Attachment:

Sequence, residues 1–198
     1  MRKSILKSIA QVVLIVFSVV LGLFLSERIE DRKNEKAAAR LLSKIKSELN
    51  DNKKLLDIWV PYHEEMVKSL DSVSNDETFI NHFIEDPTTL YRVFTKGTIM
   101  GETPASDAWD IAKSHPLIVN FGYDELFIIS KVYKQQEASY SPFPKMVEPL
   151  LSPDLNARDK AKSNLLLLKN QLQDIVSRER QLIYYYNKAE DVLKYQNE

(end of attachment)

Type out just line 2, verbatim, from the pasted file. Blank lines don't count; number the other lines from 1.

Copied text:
     1  MRKSILKSIA QVVLIVFSVV LGLFLSERIE DRKNEKAAAR LLSKIKSELN